Agglomeration in the Global Economy: A Survey of the 'New Economic Geography'
AbstractThis review of recent contributions reveals common conclusions about the effects of integration on location. For high trade costs the need to supply markets locally encourages firms to spread across different regions. Integration weakens the incentives for self-sufficiency and for intermediate values of trade costs pecuniary externalities induce firms and workers to cluster together, turning location into a self-reinforcing process. Agglomeration raises the price of immobile local factors and goods, however, so for low transport costs, firms may spread to regions where those prices are lower.
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Bibliographic InfoArticle provided by Wiley Blackwell in its journal The World Economy.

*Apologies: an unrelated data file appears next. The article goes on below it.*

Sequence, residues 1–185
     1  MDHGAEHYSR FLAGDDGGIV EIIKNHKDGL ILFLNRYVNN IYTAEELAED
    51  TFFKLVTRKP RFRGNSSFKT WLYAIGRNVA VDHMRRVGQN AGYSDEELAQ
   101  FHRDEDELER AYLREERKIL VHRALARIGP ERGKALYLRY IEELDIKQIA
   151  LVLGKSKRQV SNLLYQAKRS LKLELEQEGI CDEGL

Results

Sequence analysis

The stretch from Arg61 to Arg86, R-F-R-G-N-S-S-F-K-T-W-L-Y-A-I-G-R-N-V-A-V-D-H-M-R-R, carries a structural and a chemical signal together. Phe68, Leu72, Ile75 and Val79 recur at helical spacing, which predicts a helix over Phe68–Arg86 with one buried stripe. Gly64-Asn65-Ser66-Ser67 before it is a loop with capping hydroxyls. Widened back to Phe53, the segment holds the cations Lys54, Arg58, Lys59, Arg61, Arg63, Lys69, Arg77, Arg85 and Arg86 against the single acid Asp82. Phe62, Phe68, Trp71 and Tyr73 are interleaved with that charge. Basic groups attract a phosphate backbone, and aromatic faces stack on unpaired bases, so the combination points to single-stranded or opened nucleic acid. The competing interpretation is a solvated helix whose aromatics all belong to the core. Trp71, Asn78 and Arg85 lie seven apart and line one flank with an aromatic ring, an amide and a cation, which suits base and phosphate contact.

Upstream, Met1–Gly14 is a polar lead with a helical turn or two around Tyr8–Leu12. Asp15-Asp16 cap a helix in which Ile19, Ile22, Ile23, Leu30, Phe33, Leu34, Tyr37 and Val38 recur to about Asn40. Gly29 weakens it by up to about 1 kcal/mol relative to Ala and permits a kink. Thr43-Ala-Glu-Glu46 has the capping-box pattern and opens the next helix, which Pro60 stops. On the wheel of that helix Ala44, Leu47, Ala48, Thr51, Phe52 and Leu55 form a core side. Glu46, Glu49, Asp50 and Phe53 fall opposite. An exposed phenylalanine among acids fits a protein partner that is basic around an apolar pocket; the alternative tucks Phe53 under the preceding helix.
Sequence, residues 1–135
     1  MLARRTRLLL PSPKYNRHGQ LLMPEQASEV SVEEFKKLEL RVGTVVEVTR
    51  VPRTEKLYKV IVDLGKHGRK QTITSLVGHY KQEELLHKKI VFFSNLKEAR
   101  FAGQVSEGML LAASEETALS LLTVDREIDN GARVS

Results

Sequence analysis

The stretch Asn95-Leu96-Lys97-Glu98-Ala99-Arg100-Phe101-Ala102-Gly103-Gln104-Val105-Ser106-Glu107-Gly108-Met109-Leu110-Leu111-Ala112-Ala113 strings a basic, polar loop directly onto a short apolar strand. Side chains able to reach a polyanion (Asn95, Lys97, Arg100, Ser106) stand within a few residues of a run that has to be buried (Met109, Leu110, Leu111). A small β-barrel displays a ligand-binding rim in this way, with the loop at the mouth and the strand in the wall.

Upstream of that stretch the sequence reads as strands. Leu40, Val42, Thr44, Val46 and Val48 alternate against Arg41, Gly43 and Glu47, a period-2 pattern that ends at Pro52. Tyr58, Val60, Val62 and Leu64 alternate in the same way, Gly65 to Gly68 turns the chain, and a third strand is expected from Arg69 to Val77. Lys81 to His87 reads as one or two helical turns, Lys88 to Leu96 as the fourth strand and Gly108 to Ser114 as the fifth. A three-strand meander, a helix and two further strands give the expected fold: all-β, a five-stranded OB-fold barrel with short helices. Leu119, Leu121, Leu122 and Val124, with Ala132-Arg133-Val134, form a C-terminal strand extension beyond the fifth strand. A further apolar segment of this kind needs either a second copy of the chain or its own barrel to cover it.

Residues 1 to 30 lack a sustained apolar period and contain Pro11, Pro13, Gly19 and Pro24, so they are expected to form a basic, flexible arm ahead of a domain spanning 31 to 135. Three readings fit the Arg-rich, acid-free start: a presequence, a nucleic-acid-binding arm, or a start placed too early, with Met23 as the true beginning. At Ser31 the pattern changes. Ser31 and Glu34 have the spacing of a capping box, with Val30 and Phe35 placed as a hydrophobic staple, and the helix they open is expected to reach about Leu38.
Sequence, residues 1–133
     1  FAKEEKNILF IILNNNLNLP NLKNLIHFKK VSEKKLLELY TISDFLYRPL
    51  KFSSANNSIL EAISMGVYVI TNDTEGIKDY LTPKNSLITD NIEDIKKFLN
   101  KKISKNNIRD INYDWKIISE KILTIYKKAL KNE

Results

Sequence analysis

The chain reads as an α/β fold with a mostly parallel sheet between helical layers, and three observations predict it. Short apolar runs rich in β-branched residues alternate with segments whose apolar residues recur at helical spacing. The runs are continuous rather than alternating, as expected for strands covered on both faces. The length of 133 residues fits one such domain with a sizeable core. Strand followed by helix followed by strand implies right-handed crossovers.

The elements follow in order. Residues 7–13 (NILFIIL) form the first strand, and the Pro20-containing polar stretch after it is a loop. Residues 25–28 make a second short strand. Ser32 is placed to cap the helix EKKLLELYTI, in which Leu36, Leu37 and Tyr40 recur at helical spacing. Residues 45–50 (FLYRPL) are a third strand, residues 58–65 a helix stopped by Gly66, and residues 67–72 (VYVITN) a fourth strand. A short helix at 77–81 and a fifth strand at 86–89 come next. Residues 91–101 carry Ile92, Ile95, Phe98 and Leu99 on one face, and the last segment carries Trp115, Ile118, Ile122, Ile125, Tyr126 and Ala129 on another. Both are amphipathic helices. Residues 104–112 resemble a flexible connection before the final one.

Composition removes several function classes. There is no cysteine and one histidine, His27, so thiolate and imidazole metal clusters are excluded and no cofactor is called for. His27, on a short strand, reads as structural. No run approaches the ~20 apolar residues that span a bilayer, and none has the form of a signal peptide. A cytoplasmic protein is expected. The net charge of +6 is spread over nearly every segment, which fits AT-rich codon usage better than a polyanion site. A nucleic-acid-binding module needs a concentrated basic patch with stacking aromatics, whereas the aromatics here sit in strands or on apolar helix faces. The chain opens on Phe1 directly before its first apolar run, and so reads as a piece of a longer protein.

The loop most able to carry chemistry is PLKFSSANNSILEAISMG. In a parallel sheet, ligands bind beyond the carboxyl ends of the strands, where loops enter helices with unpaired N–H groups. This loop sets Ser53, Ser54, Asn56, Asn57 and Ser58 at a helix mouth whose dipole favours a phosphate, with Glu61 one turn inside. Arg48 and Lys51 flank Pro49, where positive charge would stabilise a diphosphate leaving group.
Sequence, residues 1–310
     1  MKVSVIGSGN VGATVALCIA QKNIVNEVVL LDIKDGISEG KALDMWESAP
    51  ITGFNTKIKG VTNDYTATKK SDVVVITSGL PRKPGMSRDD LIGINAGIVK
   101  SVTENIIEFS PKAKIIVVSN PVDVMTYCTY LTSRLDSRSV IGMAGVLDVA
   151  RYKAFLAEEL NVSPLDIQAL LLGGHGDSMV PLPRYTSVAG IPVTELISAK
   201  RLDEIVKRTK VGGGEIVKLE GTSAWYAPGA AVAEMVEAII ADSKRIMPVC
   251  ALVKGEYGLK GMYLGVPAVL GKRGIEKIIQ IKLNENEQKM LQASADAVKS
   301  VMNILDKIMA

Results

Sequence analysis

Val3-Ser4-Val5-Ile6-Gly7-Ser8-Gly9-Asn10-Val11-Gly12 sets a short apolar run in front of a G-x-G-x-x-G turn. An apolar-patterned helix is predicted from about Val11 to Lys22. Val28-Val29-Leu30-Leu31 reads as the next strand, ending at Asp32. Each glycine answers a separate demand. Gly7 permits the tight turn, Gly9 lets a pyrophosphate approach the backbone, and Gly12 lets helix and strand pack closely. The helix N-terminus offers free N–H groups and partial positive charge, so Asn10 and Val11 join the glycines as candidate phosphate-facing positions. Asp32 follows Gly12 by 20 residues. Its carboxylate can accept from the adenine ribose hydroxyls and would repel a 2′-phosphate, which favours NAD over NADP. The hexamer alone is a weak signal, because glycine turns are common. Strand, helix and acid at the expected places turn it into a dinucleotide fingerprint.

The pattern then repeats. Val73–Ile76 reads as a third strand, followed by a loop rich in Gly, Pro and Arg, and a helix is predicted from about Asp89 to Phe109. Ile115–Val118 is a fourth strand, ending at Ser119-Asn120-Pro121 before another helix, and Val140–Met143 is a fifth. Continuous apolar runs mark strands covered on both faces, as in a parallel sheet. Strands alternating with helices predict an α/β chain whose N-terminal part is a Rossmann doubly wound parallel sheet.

Volume (Year): 21 (1998)
Issue (Month): 6 (08)
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Web page: http://www.blackwellpublishing.com/journal.asp?ref=0378-5920
Other versions of this item:
- Ottaviano, Gianmarco Ireo Paolo & Puga, Diego, 1997. "Agglomeration in the Global Economy: A Survey of the 'New Economic Geography'," CEPR Discussion Papers 1699, C.E.P.R. Discussion Papers.
- F12 - International Economics - - Trade - - - Models of Trade with Imperfect Competition and Scale Economies
- F15 - International Economics - - Trade - - - Economic Integration
- R12 - Urban, Rural, Regional, Real Estate, and Transportation Economics - - General Regional Economics - - - Size and Spatial Distributions of Regional Economic Activity; Interregional Trade (economic geography)
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